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1962 Fender Jazz Bass

Here’s a really nice bass in need of a little help...an early ‘62 slab board Fender Jazz, the body has been refinished in a ‘not too bad’ lake placid blue and has aged somewhat naturally, but the owner decided he’d like it returned to it’s original colour...fiesta red.

The body is in good nick, not over sanded and still has it’s original contours and detail. The neck finish is original but looks to have been oversprayed at some point. The frets look to be the originals too.

The hardware and pickguard all look good, no repro stuff. The pickups and electrics also look to be fully original too.

Time to strip off the parts and remove the finish from the body...it looks as if it’s nitro-cellulose so shouldn’t pose too much of a problem...

Here it is with all the parts removed, all looking good so far, no nasty surprises under the pickguard like extra routs, etc.

As you can see, the original fiesta red is clearly visible in the neck pocket, pickup cavities and control cavity. It’s nice when a previous refinisher has the good sense to preserve this...and likewise, I will be doing the same...

The lake placid blue paint came off fairly easily to reveal a relatively clean body. There has been some ingress of dirt and sweat into the screw holes which has crept along the grain, but that will be hidden by the fiesta refin anyway. Also interesting to note that the body had been bleached ready for a sunburst finish, you can see a darker area on the lower horn in the pic on the left, that bit was obviously missed...and being under the pickguard...didn’t matter...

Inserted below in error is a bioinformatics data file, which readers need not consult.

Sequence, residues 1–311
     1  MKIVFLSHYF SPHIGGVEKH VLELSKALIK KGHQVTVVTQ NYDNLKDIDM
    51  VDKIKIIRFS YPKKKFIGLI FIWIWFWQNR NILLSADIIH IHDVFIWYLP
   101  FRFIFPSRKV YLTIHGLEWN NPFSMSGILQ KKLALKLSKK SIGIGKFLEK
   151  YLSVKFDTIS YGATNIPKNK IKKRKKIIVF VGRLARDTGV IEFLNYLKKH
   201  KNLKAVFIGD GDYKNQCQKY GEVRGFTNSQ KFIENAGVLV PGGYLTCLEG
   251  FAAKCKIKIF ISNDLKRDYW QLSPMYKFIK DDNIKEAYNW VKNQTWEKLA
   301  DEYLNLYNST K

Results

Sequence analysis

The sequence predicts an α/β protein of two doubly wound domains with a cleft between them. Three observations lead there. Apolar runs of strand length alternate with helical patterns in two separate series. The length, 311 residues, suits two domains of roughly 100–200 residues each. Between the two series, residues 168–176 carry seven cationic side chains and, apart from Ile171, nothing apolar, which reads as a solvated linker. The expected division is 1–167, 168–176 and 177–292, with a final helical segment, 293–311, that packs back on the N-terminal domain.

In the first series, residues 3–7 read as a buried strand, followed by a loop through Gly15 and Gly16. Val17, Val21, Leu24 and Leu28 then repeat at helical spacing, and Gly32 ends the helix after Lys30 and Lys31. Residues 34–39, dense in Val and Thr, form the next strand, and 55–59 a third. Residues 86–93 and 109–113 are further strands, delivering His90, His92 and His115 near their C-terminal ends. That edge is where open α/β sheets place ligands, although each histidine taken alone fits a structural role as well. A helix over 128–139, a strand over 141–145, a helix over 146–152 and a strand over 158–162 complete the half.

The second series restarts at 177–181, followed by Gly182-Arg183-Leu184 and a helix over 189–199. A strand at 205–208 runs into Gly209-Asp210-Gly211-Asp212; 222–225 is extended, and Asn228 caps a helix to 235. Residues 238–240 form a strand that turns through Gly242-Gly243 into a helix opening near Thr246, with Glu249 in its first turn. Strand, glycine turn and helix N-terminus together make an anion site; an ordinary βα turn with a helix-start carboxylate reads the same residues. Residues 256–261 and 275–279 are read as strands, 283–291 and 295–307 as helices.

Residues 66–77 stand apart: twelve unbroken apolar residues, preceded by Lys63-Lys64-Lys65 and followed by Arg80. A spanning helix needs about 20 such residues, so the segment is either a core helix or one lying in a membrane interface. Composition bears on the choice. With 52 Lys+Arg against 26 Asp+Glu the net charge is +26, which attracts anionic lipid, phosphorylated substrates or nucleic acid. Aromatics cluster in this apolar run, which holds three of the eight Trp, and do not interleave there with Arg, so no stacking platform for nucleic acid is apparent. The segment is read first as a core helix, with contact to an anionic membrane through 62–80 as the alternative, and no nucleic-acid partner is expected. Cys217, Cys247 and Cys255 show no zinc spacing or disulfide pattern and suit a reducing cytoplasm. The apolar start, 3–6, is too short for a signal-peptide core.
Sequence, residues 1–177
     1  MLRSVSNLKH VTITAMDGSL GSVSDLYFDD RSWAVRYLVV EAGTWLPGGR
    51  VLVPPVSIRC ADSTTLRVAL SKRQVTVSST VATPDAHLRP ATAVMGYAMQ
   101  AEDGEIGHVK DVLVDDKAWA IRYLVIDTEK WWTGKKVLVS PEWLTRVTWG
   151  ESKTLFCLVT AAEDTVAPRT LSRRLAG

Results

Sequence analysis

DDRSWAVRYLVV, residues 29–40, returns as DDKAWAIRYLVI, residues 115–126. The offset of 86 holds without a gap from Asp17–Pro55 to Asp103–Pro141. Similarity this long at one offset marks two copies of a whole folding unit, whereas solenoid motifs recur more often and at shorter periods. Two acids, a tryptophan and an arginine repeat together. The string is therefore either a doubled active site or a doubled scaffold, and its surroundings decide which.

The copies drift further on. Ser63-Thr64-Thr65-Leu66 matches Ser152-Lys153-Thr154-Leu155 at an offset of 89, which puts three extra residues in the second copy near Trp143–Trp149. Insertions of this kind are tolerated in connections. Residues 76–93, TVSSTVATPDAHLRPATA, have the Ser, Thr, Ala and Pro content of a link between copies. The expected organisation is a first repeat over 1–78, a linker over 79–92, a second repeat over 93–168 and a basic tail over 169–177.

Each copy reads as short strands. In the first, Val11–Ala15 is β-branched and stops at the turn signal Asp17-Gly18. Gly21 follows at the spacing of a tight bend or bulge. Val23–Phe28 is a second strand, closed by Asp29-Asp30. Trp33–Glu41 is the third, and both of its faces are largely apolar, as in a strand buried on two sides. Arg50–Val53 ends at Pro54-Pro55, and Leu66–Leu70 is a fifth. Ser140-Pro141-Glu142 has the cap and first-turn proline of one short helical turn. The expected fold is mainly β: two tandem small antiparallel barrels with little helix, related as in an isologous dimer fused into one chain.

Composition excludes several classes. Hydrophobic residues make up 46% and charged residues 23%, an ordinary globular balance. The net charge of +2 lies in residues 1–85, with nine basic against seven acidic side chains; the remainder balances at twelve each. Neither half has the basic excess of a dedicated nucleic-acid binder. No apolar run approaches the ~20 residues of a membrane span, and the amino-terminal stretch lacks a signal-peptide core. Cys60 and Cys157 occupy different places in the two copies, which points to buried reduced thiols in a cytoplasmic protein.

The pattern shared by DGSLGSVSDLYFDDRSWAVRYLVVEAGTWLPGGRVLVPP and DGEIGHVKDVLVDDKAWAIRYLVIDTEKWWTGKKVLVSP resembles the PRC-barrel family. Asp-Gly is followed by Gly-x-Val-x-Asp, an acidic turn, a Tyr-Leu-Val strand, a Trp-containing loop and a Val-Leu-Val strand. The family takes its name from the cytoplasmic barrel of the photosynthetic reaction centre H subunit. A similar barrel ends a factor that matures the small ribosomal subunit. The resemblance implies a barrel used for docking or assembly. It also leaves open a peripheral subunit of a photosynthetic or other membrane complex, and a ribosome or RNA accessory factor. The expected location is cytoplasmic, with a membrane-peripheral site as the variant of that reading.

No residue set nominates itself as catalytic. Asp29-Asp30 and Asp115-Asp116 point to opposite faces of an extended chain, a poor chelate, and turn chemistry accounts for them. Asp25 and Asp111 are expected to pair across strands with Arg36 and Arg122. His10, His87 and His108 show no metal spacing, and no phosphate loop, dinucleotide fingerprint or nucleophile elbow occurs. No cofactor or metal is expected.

All that means is that it was considered to be good enough for a sunburst finish, but ultimately got sprayed fiesta....!

The pictures above and left show the next stages...above left is the sanding sealer coat, above right is the white undercoat which most custom colours had. This was done to brighten the colour and also cut down on cost, less paint is required to opaque a white finish than wood grain...

As usual with restorations, I filled the pickguard screw holes with wooden dowels so the holes can be re-drilled to suit the pickguard skrinkage without stain.

When there is original paint present, getting a good match becomes a bit easier, I think I got fairly close to the original colour....

The mutes holes had been filled on the previous refin, at the customer’s request these were reinstated...something I would have also done if it were my bass...

Just a case of letting the lacquer harden off for a while before some subtle distressing can be added to suit the neck wear...

Well, here it is in all it’s glory, back to how the bass would have looked when it left Fullerton back in 1962...with a tad more wear and tear!

I went light with the distressing, just subtle lacquer checking and a few dents and chips around the body edges,etc. Played but looked after. The neck was in pretty good shape so I didn’t want to make the body look too overdone.

The bass played beautifully, the neck was a peach, truss rod worked perfectly with minimal tension...very nice bass.

The customer was delighted...job done....